TO: (another professor) I did have a few questions relating
to this site that I just opened. I was reading the response to the question
about teaching short story to ninth graders (you suggested SNOW! ) and
one major step was: 1) "Using ALL
pictures and using mime, the teacher introduced ALL vocabulary
words BEFORE reading the short story..." In how many class periods was this to
take place? And 2) what part of this major beginning is NOT teacher centered?
He/she appears to do all the work. Getting my 34 (per class) settled, involved,
and participating constructively seems to eliminate introduction of over 100
words in 43 minutes. Am I missing something? The NYC Dept of Ed is somewhat
fanatical about how they want things done according to specific "models" and the
observations go strongly against spending the whole time doing the instructing
(they prefer shared ignorance of students actually). But, I am missing the point
of "introducing" vocabulary. Just don't know where or how it can be done in any
reasonable time period.Thank you for your thought and information on this site.
I will most likely not have financial resources to pursue it but it has given me
some things to work with. SIGNED: __(an older - very much older - new teacher in
Welcome, to our Web Sites, and THANK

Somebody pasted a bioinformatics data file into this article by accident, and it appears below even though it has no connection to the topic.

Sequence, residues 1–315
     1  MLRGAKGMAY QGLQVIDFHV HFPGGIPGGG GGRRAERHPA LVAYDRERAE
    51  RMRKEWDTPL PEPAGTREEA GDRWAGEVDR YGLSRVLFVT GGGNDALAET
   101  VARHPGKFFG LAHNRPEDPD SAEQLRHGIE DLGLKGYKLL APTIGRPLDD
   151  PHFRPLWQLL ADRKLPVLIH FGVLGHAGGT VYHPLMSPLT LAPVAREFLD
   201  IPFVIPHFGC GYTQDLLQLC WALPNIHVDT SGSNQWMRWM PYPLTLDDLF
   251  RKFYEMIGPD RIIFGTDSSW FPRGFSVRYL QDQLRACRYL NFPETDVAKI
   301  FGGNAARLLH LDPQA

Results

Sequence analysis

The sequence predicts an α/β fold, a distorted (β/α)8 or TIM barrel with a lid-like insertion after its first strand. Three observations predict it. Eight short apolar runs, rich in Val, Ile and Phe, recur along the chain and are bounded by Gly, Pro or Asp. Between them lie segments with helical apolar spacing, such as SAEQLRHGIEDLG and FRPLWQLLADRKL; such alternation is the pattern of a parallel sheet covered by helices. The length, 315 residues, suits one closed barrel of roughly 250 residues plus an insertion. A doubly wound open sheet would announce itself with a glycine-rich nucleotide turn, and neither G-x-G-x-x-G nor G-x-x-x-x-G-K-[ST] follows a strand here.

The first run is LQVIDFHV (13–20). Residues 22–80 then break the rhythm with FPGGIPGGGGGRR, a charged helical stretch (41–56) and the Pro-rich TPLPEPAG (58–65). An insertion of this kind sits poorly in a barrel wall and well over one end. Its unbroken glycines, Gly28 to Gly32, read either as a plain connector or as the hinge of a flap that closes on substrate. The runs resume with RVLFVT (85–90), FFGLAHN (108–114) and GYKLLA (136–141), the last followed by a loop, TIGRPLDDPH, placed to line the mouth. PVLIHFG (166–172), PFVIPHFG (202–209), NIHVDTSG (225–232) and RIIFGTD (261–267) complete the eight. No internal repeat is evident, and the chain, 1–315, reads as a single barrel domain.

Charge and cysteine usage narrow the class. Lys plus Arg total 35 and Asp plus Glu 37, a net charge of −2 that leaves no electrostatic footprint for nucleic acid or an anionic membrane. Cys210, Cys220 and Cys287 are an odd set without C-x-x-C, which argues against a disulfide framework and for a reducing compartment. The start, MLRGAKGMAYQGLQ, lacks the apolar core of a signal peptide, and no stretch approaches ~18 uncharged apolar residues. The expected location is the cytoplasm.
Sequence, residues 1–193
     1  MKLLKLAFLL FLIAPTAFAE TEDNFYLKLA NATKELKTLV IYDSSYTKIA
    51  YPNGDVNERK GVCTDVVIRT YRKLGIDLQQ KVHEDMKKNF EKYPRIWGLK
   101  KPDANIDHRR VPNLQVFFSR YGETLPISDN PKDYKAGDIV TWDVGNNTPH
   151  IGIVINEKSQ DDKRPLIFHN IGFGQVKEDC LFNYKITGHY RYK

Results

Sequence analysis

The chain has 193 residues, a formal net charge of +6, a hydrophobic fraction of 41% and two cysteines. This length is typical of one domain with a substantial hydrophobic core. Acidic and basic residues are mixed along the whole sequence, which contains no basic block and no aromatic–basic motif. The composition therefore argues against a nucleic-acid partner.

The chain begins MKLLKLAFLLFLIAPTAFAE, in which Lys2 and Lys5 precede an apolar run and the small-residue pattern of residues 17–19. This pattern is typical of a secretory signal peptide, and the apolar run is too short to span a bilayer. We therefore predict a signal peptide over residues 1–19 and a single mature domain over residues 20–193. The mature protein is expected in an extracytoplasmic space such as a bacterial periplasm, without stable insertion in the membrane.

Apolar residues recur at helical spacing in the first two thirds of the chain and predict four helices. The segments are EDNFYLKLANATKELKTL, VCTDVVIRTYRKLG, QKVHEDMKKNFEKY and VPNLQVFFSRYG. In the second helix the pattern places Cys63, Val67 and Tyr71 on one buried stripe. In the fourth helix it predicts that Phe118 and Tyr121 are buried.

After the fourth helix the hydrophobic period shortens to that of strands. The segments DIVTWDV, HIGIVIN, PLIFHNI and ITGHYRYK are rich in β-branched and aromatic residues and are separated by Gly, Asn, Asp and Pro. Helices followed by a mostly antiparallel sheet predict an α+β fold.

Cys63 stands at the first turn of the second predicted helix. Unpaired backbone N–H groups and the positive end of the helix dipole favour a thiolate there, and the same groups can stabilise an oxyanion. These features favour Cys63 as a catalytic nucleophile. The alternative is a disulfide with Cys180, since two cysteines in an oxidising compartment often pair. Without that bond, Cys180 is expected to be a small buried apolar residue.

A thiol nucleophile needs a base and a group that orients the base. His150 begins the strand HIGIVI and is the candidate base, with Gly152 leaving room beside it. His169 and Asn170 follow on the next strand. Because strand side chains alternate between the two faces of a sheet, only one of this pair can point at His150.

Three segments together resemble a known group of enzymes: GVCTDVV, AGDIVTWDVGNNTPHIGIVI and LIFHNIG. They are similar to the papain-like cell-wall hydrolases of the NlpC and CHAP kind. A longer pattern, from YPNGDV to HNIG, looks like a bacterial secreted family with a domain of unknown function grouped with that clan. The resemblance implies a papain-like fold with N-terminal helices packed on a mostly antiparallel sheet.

YOU for your visit and comments.
In reference to the story "SNOW!" I
personally had the wonderful opportunity to present this lesson, as
outlined, at a High School in Duplin County, NC. I was totally taken
aback by how "new" was the information I presented to the high school
students BEFORE we actually read the story (as part of Vocabulary
Development). They had never heard of the "Cuban Missile Crisis," had
no idea what nuns wore as part of their religious attire, knew nothing
about Friday drills or shelters against atomic fall-out, but
they totally enjoyed looking at the pictures I brought to the class
to present --at a fast pace-- the many vocabulary words they NEEDED TO
KNOW BEFORE reading to fully understand with 95-100% comprehension the
short story THE FIRST TIME they read it. AND THEY DID!!!!!
There is absolutely NO POINT in
reading text at the frustration level, that is, when the
reader has heard, seen, spoken and understood 80% or LESS of the words
he/she is about to encounter in text being read for the first time.
The point is to increase the amount
of PRE-READING VOCABULARY DEVELOPMENT time so that the reader reads at
the INDEPENDENT level, that is, when the reader has heard, seen, spoken
and understood 95-100% of the words he/she is about to encounter in text
being read for the first time.
Reading Skills develop faster the
more a reader reads at the INDEPENDENT level.
That is what I did in the planning
and implementation of my lesson: A very effective way to develop
vocabulary and reading skills, including comprehension skills.
Of course, my lesson was
teacher-centered; however, I could have asked the students to research
in the Internet all the topics they would encounter in the reading
selection BEFORE reading "SNOW!" Students like to do that very much.
However, I was doing a demonstration lesson and did not have the
time for independent student research. On the other hand, I could have
used an LCD --as I do constantly in my own class-- and research WITH THE